It is not because my family is opposed to me looking after myself, often this guilt we put on ourselves is exactly that, we put it on ourselves. But what if we didn’t do this? What if we stood up for ourselves and decided that we deserve to be selfish with our health?
Recently, as I have been watching a lot of Olympics, one of the participants commented on the lifestyle that an athlete leads. He said point blank, athletes are selfish, to accomplish their goals they need to focus on themselves, and I definitely see his point. Perhaps we don’t need to go to his extreme, but would it be so bad to ask for a little more for ourselves?
Because by being selfish we are actually making a promise to our loved ones that we plan to be around for a long time. That our health is actually important for everyone, that it is our way of saying we care enough to take care of ourselves.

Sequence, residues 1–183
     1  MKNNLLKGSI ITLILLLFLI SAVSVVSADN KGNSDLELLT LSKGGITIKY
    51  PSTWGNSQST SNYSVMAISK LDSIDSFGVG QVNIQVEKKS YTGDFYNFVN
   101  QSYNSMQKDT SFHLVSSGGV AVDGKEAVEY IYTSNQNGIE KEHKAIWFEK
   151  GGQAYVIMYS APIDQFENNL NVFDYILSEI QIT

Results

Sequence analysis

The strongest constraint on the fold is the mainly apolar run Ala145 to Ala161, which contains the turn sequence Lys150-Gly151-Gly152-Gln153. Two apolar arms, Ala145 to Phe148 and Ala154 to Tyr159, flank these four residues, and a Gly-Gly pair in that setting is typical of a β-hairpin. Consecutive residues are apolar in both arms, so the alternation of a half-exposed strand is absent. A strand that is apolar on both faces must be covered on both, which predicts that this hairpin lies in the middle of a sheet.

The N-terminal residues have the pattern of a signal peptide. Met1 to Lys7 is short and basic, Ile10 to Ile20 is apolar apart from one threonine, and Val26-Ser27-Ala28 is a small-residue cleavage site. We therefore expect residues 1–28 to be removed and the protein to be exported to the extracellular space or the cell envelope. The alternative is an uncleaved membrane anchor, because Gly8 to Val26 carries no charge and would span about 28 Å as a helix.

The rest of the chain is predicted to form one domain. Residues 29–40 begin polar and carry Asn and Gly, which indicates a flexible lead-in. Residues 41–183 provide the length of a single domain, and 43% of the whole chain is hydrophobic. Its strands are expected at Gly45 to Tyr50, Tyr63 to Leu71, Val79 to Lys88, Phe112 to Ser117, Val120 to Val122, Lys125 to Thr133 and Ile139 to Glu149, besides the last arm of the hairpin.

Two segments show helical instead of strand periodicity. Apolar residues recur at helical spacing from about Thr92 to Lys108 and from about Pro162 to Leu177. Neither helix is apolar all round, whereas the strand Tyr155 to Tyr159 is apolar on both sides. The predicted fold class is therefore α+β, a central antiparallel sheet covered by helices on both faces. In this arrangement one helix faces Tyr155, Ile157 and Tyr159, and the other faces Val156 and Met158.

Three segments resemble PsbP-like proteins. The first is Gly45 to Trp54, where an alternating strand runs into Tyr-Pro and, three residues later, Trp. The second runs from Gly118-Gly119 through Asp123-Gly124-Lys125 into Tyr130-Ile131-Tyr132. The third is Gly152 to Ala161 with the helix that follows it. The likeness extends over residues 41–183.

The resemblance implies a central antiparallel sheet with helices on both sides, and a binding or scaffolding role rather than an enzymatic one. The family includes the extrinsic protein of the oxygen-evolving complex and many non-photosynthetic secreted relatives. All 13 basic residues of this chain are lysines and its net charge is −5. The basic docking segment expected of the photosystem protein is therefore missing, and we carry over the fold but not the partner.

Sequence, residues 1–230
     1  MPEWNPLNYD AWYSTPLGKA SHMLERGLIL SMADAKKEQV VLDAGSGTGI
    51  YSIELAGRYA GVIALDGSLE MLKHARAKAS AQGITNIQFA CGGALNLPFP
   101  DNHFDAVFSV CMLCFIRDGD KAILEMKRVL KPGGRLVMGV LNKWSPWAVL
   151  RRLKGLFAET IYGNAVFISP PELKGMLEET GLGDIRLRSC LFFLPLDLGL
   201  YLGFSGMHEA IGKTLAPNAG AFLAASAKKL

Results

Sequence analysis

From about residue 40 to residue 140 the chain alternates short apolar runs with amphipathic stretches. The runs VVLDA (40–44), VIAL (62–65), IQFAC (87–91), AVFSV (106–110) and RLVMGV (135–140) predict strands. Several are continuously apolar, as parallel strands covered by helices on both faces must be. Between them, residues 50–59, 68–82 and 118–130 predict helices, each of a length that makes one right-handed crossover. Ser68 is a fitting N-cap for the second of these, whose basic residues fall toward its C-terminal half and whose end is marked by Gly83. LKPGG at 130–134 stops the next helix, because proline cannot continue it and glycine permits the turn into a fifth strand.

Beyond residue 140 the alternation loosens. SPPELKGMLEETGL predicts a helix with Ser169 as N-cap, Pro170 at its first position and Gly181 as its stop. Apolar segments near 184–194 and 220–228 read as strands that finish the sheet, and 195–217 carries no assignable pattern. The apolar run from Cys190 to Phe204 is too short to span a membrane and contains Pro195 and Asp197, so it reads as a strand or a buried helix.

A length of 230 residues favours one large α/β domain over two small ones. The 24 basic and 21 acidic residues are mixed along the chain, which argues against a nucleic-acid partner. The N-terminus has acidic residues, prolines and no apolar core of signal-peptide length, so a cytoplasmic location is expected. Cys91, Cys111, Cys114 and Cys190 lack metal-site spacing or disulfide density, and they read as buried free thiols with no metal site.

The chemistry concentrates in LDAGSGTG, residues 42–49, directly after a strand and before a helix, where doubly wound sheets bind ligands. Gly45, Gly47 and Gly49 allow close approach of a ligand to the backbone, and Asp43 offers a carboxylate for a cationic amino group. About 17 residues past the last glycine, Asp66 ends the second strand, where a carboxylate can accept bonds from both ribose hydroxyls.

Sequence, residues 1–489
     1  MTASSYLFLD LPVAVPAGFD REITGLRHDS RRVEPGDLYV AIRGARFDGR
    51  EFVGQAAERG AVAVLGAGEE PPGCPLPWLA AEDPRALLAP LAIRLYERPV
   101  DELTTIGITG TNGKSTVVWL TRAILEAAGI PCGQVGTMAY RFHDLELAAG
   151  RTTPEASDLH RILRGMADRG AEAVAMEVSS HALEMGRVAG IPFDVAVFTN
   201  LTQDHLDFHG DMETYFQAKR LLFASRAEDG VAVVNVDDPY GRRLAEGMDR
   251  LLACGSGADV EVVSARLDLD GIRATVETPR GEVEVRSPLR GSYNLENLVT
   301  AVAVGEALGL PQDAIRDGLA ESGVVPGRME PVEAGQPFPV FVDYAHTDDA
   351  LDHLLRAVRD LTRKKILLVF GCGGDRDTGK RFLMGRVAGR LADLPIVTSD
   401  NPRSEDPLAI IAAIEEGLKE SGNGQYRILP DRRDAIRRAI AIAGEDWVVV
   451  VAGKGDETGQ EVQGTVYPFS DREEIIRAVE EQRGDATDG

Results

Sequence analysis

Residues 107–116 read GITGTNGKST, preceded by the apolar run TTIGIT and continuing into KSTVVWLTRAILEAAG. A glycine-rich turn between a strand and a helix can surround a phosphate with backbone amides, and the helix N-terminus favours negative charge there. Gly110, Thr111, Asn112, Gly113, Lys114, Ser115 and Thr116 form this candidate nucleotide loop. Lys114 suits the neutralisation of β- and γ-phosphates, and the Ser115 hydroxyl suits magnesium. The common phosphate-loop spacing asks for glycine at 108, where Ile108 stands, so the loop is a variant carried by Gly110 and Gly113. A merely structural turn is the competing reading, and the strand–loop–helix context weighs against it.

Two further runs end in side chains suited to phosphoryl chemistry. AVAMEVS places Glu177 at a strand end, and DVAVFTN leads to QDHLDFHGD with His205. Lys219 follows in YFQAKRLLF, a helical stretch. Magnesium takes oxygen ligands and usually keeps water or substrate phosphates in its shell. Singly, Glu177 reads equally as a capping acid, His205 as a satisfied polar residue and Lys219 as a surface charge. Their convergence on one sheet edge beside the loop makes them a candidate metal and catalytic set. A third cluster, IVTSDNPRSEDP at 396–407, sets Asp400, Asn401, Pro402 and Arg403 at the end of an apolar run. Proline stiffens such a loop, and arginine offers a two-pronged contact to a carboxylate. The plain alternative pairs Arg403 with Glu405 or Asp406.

3. Be truthful
How many times do we say to ourselves, “I would get my workout in but my partner is watching a show I really want to watch.” Or how about, “I will not give in to eating late-night, salty snacks, but, hmm I didn’t know they made a poutine-flavored chip?”
We are only human, so giving ourselves these high expectations only to falter, then beating ourselves up over our supposed failures, is essentially like an endless torture. Maybe if we tried a little honesty we wouldn’t be so hard on ourselves and would actually find it easier to set realistic goals?
If you know that Friday night pizza is a beloved family event then why try and cut it out of your routine? If unwinding with your partner at the end of a long day with your favorite show is one of the ways the two of you connect then don’t try and convince yourself that this isn’t valuable time spent.